In its’ particularism and universalism the Haggadah is a metaphor for our own lives. Bottom line, our identity should be a Jewish identity. We form our own and our children’s identities through a Jewish lens. That does not make us impervious or indifferent to that which is not Jewish. The presence of other religions and secular society is part of our reality. However our approach to that which is not Jewish should be appreciated by us through our Jewish paradigm.
We are Jews visiting the Christmas celebration of others. We are Jews lighting candles on the side lines of our child’s Friday night soccer game. We are Jews eating Pesachdik at our families’ Easter tables. We are Jews who seek to understand and learn from Buddhist meditation. We are Jews who are involved in social causes because our tradition demands that we are God’s partners in Tikkun Olam, world repair.
Like the Haggadah which is a uniquely Jewish story that allows for the embrace and understanding of various other narratives within its context, Judaism should be and must be our basic paradigm of our personal narratives in the midst of our modern lives.
Passover is the time of our retelling the tale of freedom and formation as a Jewish people. Let it be a time also to contemplate how Judaism underlies the telling of your own life.
In a few hours when I arrive in Australia my parents will await me in a coffee shop adjacent to the International Arrivals at Melbourne airport, with a “Skinny Flat White” in their hands to greet me off the plane. There will be big hugs. My Mum will ask if I remembered her Dior perfume from Duty Free. My Dad even though he is not allowed to anymore (for health reasons) will ask to wheel my luggage. Then we will walk into a warm summer day, pay the electronic parking ticket and head down the freeway towards their home.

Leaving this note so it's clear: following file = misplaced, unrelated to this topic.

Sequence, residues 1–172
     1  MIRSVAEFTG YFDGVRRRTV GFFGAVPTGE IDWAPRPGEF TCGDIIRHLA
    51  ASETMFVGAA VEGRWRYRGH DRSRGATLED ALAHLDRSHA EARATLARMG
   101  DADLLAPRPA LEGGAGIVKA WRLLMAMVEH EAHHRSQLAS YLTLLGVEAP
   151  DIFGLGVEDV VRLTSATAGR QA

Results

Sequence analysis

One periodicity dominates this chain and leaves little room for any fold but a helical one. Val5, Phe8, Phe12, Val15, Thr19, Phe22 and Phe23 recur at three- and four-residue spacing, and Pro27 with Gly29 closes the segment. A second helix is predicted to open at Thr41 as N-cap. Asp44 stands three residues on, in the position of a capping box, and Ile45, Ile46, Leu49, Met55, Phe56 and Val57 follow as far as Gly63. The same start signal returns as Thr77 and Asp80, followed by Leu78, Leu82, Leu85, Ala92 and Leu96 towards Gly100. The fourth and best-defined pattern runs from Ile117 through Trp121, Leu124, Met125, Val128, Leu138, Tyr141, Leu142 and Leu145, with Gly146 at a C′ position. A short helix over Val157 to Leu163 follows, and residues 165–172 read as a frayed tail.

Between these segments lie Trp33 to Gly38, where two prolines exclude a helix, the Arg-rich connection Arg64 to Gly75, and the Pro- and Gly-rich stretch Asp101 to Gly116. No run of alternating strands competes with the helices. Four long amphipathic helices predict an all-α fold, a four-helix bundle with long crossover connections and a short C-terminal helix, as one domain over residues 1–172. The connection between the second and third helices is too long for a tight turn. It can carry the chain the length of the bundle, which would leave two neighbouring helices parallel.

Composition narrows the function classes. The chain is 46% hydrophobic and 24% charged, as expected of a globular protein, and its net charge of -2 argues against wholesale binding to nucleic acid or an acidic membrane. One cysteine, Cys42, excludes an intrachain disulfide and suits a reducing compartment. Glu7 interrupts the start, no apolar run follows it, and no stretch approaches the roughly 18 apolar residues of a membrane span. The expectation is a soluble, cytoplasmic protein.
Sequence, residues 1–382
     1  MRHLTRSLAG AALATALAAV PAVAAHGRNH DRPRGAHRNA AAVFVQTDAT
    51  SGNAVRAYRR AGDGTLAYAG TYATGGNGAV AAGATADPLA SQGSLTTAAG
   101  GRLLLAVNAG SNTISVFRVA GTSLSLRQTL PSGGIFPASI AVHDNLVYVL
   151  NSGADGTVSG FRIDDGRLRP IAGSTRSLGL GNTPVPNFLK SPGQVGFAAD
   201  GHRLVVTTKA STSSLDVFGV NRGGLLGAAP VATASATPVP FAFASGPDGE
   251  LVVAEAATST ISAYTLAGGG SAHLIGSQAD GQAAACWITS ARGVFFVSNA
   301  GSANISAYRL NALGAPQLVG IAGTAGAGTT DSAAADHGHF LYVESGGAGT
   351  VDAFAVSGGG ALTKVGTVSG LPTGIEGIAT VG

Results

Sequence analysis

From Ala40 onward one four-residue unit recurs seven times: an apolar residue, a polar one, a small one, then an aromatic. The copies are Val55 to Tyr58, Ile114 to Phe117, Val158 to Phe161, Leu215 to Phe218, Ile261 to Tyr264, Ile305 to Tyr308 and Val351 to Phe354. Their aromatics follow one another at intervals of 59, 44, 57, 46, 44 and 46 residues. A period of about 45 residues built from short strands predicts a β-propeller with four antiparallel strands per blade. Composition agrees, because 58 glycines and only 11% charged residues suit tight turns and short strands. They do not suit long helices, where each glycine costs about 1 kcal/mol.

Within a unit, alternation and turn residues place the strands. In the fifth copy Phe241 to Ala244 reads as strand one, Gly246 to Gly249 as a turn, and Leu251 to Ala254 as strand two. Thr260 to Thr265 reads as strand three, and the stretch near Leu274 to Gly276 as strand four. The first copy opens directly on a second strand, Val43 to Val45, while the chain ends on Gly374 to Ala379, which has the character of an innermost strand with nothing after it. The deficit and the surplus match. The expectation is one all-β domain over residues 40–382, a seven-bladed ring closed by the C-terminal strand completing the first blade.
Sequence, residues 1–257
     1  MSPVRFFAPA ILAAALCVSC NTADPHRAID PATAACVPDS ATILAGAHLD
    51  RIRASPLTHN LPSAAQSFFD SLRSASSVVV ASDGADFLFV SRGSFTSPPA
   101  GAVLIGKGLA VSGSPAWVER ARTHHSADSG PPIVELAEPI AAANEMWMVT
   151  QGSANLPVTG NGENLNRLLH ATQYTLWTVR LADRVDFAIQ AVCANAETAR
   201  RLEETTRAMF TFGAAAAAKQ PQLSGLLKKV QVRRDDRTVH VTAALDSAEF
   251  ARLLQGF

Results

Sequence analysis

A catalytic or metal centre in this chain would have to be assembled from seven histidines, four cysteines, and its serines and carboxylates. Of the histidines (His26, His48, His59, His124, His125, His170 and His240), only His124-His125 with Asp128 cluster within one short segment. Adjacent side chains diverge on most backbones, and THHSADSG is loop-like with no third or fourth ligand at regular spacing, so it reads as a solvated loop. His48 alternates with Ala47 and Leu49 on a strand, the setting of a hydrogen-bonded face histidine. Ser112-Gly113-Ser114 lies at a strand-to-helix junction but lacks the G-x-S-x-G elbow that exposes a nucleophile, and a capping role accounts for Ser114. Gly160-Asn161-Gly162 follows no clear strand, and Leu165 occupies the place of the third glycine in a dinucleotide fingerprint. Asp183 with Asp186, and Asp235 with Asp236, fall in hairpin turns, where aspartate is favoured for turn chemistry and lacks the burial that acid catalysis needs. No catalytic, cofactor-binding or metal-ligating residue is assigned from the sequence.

I will notice a year of changes in them (the aging process seems to accelerate year-by-year) and they will point out little changes in the landscape and the city. I will ask after my brother, sister-in-law and nephew and when I am going to see them? Who is joining us for Shabbat dinner and if we have plans yet for “our birthdays”? They will ask if I am hungry after a long flight with constant servings of food and I will say – “not so much”.
There is something very comforting about knowing what our future holds. Not often do we get to predict with accuracy the way that our lives unfold. Excerpts of Alvin Fine’s words which I sometimes read at funerals “life is a journey… a sacred pilgrimage… made stage by stage…” along with the mantra I would often repeat as advice while working for the Union for Reform Judaism: “shift happens” reverberate more often in our lives rather than predictability.
If I was more of a thrill seeker perhaps I would be better at embracing the unknown future. But as in the real world, my emotional world is not terrific on roller coaster rides. I brace myself on the rise holding tight and close my eyes and gasp at the free fall. I am constantly having to remind myself that at the end of the journey there will be a sense of adventure and a realm of experience that will be part of my growth and well being.
When I look back on times of uncertainty past I have always landed on my feet. Trust in God, the ability to be creative and adapt, to do my best in all circumstances, to keep my options open and fluid, have led to a richer landscape of an unpredictable life. I would not change any of it. And I think to myself: if life predictably unfolded and I always knew what the future held, how boring it would be!
But for now, amidst a time of many changes, just for some short moments, I am hankering for predictability and thankful that soon I will arrive at Melbourne Airport. Mum and Dad: bring that “skinny flat white” on!